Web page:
America's Infrastructure Gets a D+


There’s an old joke about engineers: If you fail your basic courses, it’s no big deal – the bridge just falls down.

Unfortunately, according to a new report from the American Society of Civil Engineers, the joke is on us. In their quadrennial Report on American Infrastructure, ASCE gives our roads, bridges, water and energy networks a D+. 

On a very basic level, this is bad news because no one wants a bridge to fall down, certainly not while people might be on it or underneath it. 

However, the more concerning element of our declining infrastructure is the impact it has on our economy.  Crumbling infrastructure makes it difficult for entrepreneurs to thrive. Investing in infrastructure is critical to modernize regional economies around the United States and to increase America’s competitiveness in the 21st century global economy.

Building America’s Future co-chair and former Governor of Pennsylvania Ed Rendell said ‘What our competitors are spending on infrastructure should make us feel ashamed.’ Rendell continued ‘For America to stay competitive in a global economy, we must significantly improve our energy, transportation and water systems.’

The tiny kernel of good news in this report is our infrastructure has actually gotten slightly better over the past four years, inching up to a D+ from a D. However, to really make progress on this front in the near term, we need to invest heavily on infrastructure on a national level. Implementing President Obama’s Fix It First agenda would be an excellent place to start. The President’s plan calls for $50 billion to spend on backlogged maintenance for transportation projects across America.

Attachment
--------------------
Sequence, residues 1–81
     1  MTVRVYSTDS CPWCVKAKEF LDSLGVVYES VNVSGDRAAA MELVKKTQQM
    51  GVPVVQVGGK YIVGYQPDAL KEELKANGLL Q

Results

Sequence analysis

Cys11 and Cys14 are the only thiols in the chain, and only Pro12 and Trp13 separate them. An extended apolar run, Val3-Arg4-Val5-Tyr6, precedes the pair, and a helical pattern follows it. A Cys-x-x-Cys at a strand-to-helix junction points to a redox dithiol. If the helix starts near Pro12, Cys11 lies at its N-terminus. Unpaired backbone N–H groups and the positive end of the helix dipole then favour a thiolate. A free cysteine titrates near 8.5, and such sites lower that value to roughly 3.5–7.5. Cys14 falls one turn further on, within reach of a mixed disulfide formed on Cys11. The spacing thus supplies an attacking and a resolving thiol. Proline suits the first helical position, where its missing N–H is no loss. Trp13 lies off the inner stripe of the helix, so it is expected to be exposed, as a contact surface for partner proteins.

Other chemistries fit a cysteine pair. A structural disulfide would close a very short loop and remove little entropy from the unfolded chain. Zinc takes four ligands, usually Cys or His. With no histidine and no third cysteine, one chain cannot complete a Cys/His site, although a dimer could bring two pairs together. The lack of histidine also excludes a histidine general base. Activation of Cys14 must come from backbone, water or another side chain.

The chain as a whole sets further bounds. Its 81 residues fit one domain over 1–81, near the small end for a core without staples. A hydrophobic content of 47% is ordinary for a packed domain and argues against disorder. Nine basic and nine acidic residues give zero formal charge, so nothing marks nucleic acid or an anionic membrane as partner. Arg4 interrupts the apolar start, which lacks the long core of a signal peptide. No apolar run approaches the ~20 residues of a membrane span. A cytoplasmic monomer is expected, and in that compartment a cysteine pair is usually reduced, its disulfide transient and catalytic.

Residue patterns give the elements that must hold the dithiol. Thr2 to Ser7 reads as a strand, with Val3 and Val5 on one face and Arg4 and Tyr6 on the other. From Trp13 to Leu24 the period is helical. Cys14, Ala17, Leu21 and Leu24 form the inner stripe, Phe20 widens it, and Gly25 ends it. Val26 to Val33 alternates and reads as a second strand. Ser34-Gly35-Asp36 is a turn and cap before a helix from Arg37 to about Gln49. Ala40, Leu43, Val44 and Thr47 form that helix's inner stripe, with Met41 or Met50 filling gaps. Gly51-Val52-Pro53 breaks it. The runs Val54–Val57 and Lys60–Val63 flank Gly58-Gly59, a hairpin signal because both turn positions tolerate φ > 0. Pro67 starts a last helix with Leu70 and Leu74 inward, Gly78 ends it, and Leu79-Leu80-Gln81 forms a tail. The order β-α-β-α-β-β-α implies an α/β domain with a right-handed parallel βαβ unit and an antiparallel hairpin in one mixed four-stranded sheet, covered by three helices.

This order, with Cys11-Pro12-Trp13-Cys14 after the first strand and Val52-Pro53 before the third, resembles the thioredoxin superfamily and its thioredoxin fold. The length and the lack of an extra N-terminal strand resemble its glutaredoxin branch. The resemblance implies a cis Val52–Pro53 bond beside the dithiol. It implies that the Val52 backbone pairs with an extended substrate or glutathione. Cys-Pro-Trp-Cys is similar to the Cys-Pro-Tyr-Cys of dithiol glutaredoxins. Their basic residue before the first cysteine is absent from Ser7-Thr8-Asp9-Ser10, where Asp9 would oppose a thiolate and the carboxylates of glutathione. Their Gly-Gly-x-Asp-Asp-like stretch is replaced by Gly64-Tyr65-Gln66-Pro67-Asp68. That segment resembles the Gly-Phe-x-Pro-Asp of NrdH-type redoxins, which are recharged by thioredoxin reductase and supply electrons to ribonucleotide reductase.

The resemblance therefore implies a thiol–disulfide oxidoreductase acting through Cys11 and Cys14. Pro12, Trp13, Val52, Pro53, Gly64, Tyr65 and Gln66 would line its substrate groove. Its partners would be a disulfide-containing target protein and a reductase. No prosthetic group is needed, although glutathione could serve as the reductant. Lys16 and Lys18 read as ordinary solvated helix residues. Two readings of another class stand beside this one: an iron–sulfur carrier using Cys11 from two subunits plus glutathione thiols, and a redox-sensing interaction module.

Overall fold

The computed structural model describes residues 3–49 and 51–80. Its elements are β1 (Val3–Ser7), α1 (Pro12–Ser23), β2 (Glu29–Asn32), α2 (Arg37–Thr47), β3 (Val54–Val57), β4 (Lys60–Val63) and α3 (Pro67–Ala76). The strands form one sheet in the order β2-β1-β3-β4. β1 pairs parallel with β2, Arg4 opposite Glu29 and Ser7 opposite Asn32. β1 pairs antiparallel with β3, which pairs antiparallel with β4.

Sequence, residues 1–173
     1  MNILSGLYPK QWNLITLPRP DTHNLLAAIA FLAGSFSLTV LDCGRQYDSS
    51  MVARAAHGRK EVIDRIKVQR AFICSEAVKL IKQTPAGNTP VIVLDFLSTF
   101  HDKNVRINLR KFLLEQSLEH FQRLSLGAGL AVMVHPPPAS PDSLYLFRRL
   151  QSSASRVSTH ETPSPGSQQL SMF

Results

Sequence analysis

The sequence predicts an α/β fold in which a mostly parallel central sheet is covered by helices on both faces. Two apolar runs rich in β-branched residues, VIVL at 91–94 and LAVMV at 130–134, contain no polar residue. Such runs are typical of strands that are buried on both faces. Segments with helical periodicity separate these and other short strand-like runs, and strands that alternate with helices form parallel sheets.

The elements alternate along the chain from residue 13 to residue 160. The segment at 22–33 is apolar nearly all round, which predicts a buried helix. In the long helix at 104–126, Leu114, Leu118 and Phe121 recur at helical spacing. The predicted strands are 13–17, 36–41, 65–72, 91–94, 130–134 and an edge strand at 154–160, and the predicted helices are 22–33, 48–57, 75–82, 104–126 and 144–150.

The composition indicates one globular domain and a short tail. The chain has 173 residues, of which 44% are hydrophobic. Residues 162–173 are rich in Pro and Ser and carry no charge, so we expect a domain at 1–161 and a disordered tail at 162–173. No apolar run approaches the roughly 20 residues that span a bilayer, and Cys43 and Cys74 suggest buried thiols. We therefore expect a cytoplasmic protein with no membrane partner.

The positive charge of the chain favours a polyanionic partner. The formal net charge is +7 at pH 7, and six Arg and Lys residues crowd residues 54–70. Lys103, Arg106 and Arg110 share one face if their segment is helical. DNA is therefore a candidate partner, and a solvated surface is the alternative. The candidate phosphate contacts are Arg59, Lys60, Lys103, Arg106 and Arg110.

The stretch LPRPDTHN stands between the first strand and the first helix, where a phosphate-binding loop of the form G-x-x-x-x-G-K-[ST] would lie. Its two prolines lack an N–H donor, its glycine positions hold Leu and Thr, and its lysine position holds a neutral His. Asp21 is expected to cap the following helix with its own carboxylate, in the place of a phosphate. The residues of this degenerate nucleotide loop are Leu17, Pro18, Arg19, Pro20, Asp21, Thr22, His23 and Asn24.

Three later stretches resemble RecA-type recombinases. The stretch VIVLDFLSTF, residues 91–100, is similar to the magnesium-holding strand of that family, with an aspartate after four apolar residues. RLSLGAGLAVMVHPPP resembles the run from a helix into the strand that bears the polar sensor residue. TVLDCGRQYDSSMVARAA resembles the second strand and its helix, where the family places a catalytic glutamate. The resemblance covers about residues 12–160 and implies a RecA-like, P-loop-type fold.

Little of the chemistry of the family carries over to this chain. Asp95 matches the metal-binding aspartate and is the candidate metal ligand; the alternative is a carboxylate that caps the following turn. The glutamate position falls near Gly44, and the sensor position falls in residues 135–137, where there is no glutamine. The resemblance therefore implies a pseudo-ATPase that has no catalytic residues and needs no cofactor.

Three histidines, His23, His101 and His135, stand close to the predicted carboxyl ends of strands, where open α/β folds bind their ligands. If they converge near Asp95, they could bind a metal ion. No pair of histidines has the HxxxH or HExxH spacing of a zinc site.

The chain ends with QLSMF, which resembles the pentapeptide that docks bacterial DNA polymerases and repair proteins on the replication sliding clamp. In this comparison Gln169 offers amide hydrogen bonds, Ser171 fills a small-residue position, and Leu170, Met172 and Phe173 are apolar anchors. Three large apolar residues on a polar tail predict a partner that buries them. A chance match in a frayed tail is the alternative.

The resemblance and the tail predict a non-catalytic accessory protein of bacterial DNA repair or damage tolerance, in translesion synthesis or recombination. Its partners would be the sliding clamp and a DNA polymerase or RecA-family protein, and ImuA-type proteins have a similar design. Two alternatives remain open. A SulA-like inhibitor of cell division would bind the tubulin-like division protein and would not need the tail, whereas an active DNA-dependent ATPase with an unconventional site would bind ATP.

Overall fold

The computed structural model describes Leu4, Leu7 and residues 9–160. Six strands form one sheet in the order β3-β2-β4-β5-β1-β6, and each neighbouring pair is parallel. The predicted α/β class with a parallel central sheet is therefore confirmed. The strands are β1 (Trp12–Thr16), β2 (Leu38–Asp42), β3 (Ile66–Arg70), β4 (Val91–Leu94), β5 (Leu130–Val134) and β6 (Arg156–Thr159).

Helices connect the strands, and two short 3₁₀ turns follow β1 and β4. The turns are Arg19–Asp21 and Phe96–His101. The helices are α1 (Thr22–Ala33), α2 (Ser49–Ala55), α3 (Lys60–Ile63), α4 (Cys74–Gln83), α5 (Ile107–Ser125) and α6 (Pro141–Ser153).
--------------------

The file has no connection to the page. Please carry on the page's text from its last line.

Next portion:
Developing a national infrastructure bank is another important step to fixing America’s infrastructure problem in the mid-term. Not surprisingly, Congress is seemingly paralyzed on this issue (as well as many others), despite the clear cut economic benefits.

Lastly, investing in innovation infrastructure as spelled out in Acceleration 2.0. In addition to roads and bridges, we need to redefine infrastructure to include the wide range of investments that can modernize our economy: replacing our archaic electrical grid with a smart grid, replacing aging coal fired power plants with 21st century renewable energy, providing broadband or wifi to every home and business in America, and building a network of venture development organizations to more quickly move research from the lab bench to the marketplace.

Our aging infrastructure is an anchor, dragging us downward. Fortunately, we know what we can do to fix it. We just need a little leadership.